Why I enjoy writing older characters
I’m an only child.
My mother is an only child.
My father is an only child.
And my grandparents lived with us when I was growing up.
All this made for an older-person-centred childhood because, apart from my friends, of which I did have quite a few thankfully, I had no relatives my own age. Add my great-aunt and great-uncle, both of whom were older than my parents, into the mix at Christmas, and I had a really quiet festive season. My friends had their own families (usually with an assortment of people of their own age and of which I was absurdly jealous), so I usually had to amuse myself on Christmas Day. I remember seeing the four ladies squashed onto the three-seater sofa, my dad and grandad having grabbed an armchair each, all of them fast asleep after lunch. But woe betide me if I tried to change the channel on the TV and put on cartoons – each one of them would suddenly be awake and reaching for the sherry, and demanding I leave the Queen’s speech on because they “was watching that!”
As I was growing up, I was resentful that my parents had failed to provide me with a brother or sister. My sibling and I might well have hated each other, but at least we could have spent Christmas Day winding the other one up. Tormenting and annoying my brother or sister would have kept me occupied, or (and this was my favourite fairy tale) I may have actually been so devoted to them that I wanted to spend every waking minute in their company, the pair of us playing nicely together.
Instead, I had a grandpa who was as deaf as a post and who used to turn his hearing aids off when he couldn’t be bothered talking to anyone (quite often); a grandma who was also rather deaf yet refused to wear a hearing aid and insisted on speaking at the top of her voice (and don’t get me started on how loud she needed the TV to be turned up); a great-auntie and uncle (gran’s sister and brother-in-law) who had never had children and weren’t sure what to do with one or how to behave around one (I think they viewed me as some kind of alien being); and a frazzled mum and dad, who I constantly nagged at to play with me when all they wanted was to put their feet up and get stuck into the Quality Street chocolates, and not be whined at for refusing to play Mouse Trap.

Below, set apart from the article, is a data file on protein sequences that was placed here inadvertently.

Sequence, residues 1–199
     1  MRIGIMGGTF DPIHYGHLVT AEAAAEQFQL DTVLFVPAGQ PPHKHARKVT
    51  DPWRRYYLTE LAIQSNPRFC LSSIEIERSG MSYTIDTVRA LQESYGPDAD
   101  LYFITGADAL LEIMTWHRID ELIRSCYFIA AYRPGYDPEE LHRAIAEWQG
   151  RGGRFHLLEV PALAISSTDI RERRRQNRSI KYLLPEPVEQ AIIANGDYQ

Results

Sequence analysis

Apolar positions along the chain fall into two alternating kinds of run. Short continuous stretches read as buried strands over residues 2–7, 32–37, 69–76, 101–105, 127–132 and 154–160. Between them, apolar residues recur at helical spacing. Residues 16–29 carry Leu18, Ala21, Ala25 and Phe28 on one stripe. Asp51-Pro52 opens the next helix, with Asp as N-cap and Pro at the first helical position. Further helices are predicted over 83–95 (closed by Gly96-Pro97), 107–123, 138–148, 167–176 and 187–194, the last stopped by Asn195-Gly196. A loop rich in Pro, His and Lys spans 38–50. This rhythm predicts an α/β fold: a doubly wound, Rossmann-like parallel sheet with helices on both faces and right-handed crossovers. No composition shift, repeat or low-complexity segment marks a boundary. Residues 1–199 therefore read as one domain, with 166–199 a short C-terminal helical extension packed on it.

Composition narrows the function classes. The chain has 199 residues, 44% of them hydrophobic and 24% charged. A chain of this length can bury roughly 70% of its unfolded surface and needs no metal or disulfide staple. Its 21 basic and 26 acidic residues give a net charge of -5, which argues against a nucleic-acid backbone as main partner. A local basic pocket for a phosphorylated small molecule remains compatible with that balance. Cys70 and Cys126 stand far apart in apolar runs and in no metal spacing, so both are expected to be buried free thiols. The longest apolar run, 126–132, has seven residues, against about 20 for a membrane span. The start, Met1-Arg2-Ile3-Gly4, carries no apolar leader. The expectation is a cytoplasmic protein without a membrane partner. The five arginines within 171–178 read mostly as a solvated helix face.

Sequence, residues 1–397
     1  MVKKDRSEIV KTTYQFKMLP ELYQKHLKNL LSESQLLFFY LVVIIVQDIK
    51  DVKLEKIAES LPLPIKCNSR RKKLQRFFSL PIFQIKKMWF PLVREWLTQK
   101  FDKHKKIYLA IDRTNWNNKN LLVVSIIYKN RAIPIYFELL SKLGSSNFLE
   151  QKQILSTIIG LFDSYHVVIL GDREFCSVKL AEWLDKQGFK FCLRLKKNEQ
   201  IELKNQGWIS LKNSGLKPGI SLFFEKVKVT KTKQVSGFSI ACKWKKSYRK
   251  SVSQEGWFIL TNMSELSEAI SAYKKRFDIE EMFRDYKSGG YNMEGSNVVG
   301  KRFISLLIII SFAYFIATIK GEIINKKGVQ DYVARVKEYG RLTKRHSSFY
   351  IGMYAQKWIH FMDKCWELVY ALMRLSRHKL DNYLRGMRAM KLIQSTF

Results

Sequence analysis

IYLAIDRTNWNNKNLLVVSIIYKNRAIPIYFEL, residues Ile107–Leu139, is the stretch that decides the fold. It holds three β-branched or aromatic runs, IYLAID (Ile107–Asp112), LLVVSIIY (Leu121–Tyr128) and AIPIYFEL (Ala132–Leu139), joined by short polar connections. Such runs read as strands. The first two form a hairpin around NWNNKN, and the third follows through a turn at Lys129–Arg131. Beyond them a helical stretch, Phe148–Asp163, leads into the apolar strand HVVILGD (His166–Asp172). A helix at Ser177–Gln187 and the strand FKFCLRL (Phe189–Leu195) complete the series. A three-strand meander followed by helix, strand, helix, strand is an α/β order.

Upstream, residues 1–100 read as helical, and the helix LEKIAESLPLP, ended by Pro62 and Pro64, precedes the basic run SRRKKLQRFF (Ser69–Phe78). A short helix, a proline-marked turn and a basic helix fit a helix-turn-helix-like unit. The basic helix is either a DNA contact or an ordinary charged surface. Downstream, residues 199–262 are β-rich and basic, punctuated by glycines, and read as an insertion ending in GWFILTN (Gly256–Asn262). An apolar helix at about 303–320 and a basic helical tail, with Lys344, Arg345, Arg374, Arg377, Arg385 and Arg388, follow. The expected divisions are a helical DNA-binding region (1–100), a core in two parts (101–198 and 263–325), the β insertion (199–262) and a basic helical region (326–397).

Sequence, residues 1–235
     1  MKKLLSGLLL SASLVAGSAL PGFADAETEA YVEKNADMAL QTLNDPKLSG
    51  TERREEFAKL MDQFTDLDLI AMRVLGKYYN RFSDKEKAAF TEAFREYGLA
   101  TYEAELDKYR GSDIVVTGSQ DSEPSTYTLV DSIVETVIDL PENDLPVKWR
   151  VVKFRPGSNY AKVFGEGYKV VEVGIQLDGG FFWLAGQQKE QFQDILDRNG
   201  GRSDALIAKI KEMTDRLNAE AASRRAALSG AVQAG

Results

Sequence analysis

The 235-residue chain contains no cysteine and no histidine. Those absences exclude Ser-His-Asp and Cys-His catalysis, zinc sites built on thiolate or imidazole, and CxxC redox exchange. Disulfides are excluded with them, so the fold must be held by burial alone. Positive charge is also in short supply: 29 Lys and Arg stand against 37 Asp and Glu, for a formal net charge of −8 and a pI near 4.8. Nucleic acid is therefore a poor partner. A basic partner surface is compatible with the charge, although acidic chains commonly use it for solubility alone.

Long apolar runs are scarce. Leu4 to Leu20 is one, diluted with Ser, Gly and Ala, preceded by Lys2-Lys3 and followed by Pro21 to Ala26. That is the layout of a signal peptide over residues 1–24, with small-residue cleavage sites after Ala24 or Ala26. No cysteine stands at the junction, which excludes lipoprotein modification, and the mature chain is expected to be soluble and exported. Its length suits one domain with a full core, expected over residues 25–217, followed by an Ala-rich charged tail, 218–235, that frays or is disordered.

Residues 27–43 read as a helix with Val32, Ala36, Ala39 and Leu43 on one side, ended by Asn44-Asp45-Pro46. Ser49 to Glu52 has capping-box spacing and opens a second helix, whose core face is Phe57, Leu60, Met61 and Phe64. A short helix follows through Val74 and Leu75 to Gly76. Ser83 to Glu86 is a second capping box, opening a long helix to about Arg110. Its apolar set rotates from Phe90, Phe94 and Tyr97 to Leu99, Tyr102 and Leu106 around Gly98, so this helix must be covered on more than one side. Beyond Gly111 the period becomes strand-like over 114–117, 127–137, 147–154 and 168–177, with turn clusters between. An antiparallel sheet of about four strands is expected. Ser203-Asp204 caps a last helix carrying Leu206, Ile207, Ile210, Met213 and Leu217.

At the time, I’m not sure I appreciated any of this, but on looking back, these intense family get-togethers have provided me with an endless source of material for the older characters in my stories, especially the women. Although I don’t base my characters on any one person in particular, I can see elements of my relatives peering out of the pages every now and again.
Take Gee-Gee in A Very Lucky Christmas, for instance. My own granny was just as cantankerous when she was arguing with her sister (my great aunt) and my mum. And Flossie in Summer on the Turquoise Coast reminded me so much of her in the way she used to say what she was thinking without filtering her thoughts first. She used to cause me no end of embarrassment when I was growing up but now I look back on my memories of her with love. She was certainly one of a kind.
Then there was another of my great-aunts, Nelly. She was tiny with a really deep, gruff voice and a bring-it-on attitude. She was a nurse, and nothing fazed her. I used to hear my gran sharing stories of what Nelly used to get up to, and Flossie most definitely has some of her zest for life in her character.
My mum says she can see herself in the main character’s mother in Sunshine at Cherry Tree Farm. I can’t see it myself, but my great-aunt is still alive (93! I hope I’ve got some of her genes) and she says the exact same thing. So it looks like I do incorporate bits of my family in my writing, even when I don’t think I do.
I have noticed I often tend to write eccentric, belligerent, and frequently demanding older ladies into my stories, and actually they are great fun to write. I feel I can let my hair down with them a bit and besides, our lives are multigenerational. Nearly all of us come into contact with people older than ourselves, often as part of our families, so why shouldn’t we include them in our novels?
My elderly relatives have made me what I am, have helped shaped me and left their marks on me. If nothing else, they taught me independence and resilience, and left me with a hope that one day I can be as weird and as wonderful as they are, if I’m lucky enough to live that long!